Assessing Grant Readiness

April 07, 2015 | 0 Comments

You may have heard talk about grant readiness and how to know if your organization is ready to pursue grants.

Board members or executive directors may say, "Ready? Of course we're ready. We need that money now. Where do we sign?"

That's not the kind of readiness we're talking about. I actually like to help organizations think about two different kinds of readiness:

  1. Is your organization ready to apply? 
  2. Is your organization ready to manage the grant once it receives one?

Each one of these is critical to your readiness. If you can't answer "yes" to both, you're not really ready, especially for state or federal grants.

Let's talk today about what it means to be ready to apply. Next month's newsletter will delver more into assessing your readiness to manage a grant.

We've created a handy checklist you can use. You can go get a copy from our website (link provided below) or in the forthcoming Writing to Win Federal Grants: The Workbook.

Being ready to apply means that you have the capacity and the skills to write a good proposal. Who is that person on your team?

Being ready also means that your organization will be competitive going up against all of the other organizations trying to get that same grant.

What makes you competitive? You have a good reputation, stable finances, and community impact. You have a track record of measurable outcomes.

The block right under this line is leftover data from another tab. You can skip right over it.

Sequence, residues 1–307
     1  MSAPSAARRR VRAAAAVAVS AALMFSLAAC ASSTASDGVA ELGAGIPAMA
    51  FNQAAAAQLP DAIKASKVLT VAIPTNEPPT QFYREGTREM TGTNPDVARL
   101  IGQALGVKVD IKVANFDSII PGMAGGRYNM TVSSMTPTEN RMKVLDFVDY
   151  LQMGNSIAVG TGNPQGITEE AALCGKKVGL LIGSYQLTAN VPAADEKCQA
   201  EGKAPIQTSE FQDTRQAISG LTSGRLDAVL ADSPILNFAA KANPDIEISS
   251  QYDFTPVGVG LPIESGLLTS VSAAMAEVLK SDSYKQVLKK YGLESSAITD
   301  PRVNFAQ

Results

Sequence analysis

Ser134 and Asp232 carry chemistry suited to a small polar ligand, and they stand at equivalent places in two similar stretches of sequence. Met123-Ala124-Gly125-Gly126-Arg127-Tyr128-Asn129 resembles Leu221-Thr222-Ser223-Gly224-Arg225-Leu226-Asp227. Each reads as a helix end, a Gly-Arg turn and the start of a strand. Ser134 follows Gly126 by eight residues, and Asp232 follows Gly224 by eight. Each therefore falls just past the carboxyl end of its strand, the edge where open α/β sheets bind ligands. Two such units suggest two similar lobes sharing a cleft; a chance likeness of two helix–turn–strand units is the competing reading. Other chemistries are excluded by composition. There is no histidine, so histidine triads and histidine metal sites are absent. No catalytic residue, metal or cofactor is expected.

If you are considering going after a state or federal grant, can you afford to pay for all grant activities up front? You may have to wait, sometimes for months, to get reimbursed.

Here are some other important details you should consider as part of your readiness self-assessment:

  • Are your bookeeping systems set up so you can accurately track grant funds (this usually means a way to keep grant funds separate from all other funds)?
  • Do you have experienced and qualified people to deliver your grant activities?
  • Do you have space to deliver the activities the grant would fund?
  • Can you perform the type of evaluation the funder will require?

Perhaps most important of all, do you have a clear, concise mission statement? AND does the grant you are considering going after fit your mission? Trying to cram your round mission into a square funding hole rarely works.

The checklist offers more criteria by which to assess your organization's readiness, especially to pursue government grants. A checklist with lots of checkmarks in the "no" column should prompt discussion at your organization and can be a great roadmap for what you should focus on. That way, you can be ready next year!

Get your checklist on the Grants Resources page. We won't SPAM you for coming to get a checklist. We won't even know you've been here unless you leave a comment on this blog.

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